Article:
If you are a hardcore Formula 1 racing fan, then you’d know, there are two ways to describe Kimi Raikkonen at present, one that concerns itself with his persona and the other that meanders into his current woes.
Let’s go for the first:
Kimi Matias Raikkonen- a pure racing enigma. Known as the Iceman, feted world over for his icy cool persona, and still very much the last world champion from the Ferrari stable. A man with no fewer than 103 podiums and 46 fastest laps.
The other being:
Kimi Raikkonen, the man who despite all that experience under his belt, has still not been able to open his account for the 2021 World Championship. Remember we are done with three races!
But depending on who you are, whether an irrational fan concerned with just the ‘has-been’ image, the glory years or the prudent racing aficionado who wishes to dwell in the current, you’d choose your Kimi Raikkonen accordingly.
Though truth certainly is, when there came a chance to file for an actual bid for points, this last Portuguese Grand Prix, held Sunday, May 2, 2021 Kimi Raikkonen of Alfa Romeo blew it.
Call it a wild mistake, dub it a rookie error, or call it what most harmlessly do- a racing incident- the lap 2 collision with his own teammate, Antonio Giovinazzi was manufactured erroneously by Kimi Raikkonen himself.
For a whimper of a second, he had been pushed down to P13 by his teammate and perhaps sensing an opportunity to make a brisk pass on Antonio, all that Kimi managed was to contact the rear of the other Alfa Romeo, a move soon after which he’d park his machine to the side of the gravel, retiring minutes thereafter!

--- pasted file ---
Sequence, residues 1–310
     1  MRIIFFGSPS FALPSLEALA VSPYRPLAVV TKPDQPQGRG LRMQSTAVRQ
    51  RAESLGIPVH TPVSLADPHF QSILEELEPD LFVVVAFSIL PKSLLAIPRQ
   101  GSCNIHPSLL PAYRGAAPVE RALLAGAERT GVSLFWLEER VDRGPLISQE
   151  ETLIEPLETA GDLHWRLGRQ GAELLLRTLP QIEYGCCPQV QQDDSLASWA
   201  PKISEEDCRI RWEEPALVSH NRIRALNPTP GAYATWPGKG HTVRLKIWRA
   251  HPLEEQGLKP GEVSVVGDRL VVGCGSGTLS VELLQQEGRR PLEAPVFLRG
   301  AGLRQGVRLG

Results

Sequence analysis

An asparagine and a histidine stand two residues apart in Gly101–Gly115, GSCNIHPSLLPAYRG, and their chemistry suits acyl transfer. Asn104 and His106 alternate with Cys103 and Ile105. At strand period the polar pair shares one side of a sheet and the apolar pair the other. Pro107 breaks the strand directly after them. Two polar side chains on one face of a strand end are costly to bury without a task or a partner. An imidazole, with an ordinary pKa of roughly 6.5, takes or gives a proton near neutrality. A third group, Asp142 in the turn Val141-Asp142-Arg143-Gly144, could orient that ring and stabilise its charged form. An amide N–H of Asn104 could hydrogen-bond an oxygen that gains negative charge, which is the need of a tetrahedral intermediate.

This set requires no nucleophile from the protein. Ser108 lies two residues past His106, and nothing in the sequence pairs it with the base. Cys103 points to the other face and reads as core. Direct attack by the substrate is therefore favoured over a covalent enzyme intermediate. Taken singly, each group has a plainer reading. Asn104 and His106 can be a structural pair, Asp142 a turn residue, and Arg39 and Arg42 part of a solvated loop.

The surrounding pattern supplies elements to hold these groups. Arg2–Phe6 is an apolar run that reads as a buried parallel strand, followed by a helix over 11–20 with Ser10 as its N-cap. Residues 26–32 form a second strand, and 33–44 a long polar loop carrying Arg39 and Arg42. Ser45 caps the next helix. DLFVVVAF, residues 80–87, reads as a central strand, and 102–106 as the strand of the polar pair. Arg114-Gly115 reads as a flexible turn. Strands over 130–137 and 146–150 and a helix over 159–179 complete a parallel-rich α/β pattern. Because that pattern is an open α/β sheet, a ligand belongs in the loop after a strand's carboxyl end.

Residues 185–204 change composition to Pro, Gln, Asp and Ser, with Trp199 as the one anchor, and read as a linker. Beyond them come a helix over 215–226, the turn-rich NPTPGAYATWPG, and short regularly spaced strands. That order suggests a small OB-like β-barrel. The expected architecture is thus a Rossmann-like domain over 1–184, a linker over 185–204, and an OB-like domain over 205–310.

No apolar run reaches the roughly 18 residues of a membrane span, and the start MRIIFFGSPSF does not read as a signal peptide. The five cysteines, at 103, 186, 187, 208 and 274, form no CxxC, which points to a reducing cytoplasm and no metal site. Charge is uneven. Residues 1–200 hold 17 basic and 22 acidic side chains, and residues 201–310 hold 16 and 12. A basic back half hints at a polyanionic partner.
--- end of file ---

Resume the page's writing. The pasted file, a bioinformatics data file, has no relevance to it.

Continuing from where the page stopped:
And that was that! Another chance was blown to gather points. Though it could be said that the events upon the conclusion of the 2021 Emilia Romagna Grand Prix saw the laconic Finn being extended a raw deal- wasn’t a 30-second penalty too harsh on Kimi- at Portimao Raikkonen had himself to blame.
It’s not a pretty sight to see the sport’s most experienced driver go off a race minus any points. This is not only down to the fact that it’s no ordinary punk, but a driver with 17, 680 completed F1 laps as experience.
Thankfully though, akin to the fairness he shows on the track whilst battling the others for the same space on the track, Raikkonen didn’t put any untoward blame on Giovnazzi, putting the blame on himself.
He would say, “Basically it was my mistake, I was checking something on the steering wheel, changing a switch that I got wrong coming out of the last corner so I had to change it again and then I just drove into him, so clearly my mistake.”
While for fans-self included- it was a heartbreaking site to see a glorious driver skate away into the gravel trap at turn 1, it wasn’t any bright whatsoever for his Swiss-Italian stable to see their top man skid out minus any point-scoring. In the end, what hurts more is that despite a fighting P12, Giovinazzi too couldn’t bring home any points.
But the idea that Raikkonen would bounce back strongly is ever enticing, especially with Spain being next destination, the very venue where in a hapless 2020 season, Kimi had made it to Q2 on the much-important qualifying day.
Even then the question remains with you, the viewer- who’s your Kimi Raikkonen- the bold and honest racer with a heart of a champion who’s out there willing to take chances or the Iceman whose cool, it appears, has begun to melt.
Well, I won’t be taking any calls on that- let Kimi’s forthcoming performances serve an answer! Probably there’s still fight left in the Finnish Sisu.